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Protein Engineering Reveals Mechanisms of Functional Amyloid Formation in Pseudomonas aeruginosa Biofilms

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  • Alissa Bleem, University of Washington
  • ,
  • Gunna Christiansen
  • ,
  • Daniel J Madsen
  • ,
  • Hans Maric, Københavns Universitet
  • ,
  • Kristian Strømgaard, Københavns Universitet
  • ,
  • James D Bryers, University of Washington
  • ,
  • Valerie Daggett, University of Washington
  • ,
  • Rikke L Meyer
  • Daniel E Otzen

Amyloids are typically associated with neurodegenerative diseases, but recent research demonstrates that several bacteria utilize functional amyloid fibrils to fortify the biofilm extracellular matrix and thereby resist antibiotic treatments. In Pseudomonas aeruginosa, these fibrils are composed predominantly of FapC, a protein with high sequence conservation among the genera. Previous studies established FapC as the major amyloid subunit, but its mechanism of fibril formation in P. aeruginosa remained largely unexplored. Here, we examine the FapC sequence in greater detail through a combination of bioinformatics and protein engineering, and we identify specific motifs that are implicated in amyloid formation. Sequence regions of high evolutionary conservation tend to coincide with regions of high amyloid propensity, and mutation of amyloidogenic motifs to a designed, non-amyloidogenic motif suppresses fibril formation in a pH-dependent manner. We establish the particular significance of the third repeat motif in promoting fibril formation and also demonstrate emergence of soluble oligomer species early in the aggregation pathway. The insights reported here expand our understanding of the mechanism of amyloid polymerization in P. aeruginosa, laying the foundation for development of new amyloid inhibitors to combat recalcitrant biofilm infections.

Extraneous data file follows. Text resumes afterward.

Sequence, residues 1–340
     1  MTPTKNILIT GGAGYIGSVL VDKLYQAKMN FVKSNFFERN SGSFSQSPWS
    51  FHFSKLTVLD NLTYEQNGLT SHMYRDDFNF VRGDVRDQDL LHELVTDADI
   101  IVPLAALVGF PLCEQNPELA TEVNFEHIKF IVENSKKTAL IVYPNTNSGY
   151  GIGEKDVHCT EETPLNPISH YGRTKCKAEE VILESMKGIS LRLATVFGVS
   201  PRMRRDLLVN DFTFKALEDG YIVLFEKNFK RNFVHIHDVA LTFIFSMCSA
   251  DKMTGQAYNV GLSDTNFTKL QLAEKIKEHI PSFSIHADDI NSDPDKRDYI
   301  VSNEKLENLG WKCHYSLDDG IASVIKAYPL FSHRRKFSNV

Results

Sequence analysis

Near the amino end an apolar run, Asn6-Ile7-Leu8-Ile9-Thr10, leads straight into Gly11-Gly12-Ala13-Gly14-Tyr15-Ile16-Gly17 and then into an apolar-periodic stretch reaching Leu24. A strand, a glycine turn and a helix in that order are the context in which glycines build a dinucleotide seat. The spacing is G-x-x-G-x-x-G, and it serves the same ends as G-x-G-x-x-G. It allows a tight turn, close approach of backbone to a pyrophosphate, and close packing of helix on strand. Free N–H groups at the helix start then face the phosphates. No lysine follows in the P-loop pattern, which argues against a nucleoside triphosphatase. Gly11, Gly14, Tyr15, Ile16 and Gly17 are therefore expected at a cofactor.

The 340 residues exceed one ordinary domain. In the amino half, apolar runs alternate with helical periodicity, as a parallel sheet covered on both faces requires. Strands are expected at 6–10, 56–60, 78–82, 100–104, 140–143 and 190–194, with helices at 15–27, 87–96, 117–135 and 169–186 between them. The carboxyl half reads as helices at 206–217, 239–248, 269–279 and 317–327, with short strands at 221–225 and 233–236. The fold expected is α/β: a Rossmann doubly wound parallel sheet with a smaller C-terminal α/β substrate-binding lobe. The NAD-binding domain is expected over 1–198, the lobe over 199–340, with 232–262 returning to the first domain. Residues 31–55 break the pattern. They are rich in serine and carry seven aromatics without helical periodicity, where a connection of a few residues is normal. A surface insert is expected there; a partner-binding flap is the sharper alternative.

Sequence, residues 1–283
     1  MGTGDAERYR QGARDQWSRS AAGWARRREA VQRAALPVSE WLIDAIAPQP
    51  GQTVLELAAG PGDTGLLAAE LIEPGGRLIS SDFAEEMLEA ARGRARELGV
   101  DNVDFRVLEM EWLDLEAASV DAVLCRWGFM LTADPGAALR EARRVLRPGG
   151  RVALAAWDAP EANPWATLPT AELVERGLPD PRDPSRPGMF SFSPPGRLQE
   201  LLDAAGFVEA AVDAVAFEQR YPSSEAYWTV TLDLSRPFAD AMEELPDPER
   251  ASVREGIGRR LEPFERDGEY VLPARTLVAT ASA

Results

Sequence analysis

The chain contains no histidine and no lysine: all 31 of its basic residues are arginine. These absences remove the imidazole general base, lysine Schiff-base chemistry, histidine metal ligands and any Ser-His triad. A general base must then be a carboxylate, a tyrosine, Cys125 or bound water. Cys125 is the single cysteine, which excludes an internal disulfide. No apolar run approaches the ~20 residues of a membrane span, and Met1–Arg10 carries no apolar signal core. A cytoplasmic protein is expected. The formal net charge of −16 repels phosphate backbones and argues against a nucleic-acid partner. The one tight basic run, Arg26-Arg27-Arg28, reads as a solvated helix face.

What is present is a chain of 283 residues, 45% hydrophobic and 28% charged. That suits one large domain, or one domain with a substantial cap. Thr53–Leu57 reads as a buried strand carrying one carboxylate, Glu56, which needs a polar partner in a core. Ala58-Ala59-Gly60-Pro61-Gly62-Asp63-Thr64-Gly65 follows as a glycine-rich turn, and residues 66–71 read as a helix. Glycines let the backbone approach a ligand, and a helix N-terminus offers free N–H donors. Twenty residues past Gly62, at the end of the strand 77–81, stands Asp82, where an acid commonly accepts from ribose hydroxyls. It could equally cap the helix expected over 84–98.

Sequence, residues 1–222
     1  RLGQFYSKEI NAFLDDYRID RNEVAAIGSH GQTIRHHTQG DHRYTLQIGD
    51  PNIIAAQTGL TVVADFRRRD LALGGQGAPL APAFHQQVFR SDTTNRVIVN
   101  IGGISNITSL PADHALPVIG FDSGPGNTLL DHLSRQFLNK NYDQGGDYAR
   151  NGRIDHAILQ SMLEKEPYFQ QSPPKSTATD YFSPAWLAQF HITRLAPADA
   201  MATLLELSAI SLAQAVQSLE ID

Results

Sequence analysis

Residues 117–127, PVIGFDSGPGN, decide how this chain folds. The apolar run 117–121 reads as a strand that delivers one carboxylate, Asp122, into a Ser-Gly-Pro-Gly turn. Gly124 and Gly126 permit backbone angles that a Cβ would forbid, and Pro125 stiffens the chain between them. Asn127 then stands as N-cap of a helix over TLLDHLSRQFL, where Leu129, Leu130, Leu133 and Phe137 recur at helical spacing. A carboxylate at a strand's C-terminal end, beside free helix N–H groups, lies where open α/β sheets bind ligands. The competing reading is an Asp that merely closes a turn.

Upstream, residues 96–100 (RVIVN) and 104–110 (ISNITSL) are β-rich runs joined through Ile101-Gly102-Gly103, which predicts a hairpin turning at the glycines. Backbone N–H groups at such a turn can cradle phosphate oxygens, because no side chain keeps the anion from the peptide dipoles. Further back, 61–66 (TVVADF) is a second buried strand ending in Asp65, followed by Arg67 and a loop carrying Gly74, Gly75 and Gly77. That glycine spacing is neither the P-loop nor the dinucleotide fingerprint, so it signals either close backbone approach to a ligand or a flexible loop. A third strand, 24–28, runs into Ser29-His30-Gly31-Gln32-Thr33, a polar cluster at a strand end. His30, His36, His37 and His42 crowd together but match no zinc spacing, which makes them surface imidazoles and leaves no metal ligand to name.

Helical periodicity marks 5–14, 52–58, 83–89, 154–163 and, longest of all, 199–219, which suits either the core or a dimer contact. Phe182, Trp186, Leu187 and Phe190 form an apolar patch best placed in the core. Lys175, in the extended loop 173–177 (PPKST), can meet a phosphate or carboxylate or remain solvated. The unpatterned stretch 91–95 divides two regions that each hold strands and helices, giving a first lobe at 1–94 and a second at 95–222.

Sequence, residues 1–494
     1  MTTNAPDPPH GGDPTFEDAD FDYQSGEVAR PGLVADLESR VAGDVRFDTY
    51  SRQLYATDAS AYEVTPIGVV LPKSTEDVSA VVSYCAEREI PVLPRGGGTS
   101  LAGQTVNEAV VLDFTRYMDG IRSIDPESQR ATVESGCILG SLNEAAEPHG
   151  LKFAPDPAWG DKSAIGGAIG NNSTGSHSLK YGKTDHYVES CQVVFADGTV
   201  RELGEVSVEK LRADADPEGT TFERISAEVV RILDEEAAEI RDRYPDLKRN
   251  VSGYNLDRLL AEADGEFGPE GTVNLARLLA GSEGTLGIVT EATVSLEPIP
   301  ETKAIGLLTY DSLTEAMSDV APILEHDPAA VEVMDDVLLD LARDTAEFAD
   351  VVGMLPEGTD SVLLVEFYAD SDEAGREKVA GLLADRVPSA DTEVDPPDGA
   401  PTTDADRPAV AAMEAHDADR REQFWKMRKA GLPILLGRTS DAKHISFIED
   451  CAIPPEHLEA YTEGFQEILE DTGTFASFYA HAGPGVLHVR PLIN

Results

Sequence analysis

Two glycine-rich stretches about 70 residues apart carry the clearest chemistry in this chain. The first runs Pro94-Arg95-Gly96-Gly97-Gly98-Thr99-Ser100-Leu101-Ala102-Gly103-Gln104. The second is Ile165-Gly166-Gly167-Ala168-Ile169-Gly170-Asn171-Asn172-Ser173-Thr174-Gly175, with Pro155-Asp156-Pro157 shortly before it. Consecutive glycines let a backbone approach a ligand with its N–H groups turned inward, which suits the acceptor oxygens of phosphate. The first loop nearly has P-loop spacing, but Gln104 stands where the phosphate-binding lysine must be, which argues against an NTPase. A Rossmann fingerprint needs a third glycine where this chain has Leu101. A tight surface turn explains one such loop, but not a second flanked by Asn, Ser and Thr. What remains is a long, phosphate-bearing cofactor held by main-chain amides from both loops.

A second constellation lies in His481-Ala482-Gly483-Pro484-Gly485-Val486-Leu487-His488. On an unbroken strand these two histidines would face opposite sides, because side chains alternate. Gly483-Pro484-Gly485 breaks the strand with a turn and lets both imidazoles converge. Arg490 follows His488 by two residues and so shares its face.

TidsskriftJournal of Molecular Biology
Sider (fra-til)3751-3763
Antal sider13
StatusUdgivet - 12 okt. 2018

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